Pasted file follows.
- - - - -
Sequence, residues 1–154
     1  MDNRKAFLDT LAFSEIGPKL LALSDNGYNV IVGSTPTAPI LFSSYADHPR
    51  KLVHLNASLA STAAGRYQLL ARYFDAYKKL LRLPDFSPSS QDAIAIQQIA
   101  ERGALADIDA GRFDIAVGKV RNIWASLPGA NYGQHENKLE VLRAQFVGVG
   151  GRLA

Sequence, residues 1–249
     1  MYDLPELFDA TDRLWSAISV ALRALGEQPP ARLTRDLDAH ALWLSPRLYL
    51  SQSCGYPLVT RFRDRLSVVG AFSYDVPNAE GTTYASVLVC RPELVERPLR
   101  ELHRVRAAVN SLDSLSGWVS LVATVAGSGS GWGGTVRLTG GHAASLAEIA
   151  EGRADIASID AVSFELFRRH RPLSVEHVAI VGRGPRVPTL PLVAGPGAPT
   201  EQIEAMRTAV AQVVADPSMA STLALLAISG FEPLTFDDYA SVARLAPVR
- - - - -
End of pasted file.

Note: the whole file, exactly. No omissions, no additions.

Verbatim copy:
Sequence, residues 1–154
     1  MDNRKAFLDT LAFSEIGPKL LALSDNGYNV IVGSTPTAPI LFSSYADHPR
    51  KLVHLNASLA STAAGRYQLL ARYFDAYKKL LRLPDFSPSS QDAIAIQQIA
   101  ERGALADIDA GRFDIAVGKV RNIWASLPGA NYGQHENKLE VLRAQFVGVG
   151  GRLA

Sequence, residues 1–249
     1  MYDLPELFDA TDRLWSAISV ALRALGEQPP ARLTRDLDAH ALWLSPRLYL
    51  SQSCGYPLVT RFRDRLSVVG AFSYDVPNAE GTTYASVLVC RPELVERPLR
   101  ELHRVRAAVN SLDSLSGWVS LVATVAGSGS GWGGTVRLTG GHAASLAEIA
   151  EGRADIASID AVSFELFRRH RPLSVEHVAI VGRGPRVPTL PLVAGPGAPT
   201  EQIEAMRTAV AQVVADPSMA STLALLAISG FEPLTFDDYA SVARLAPVR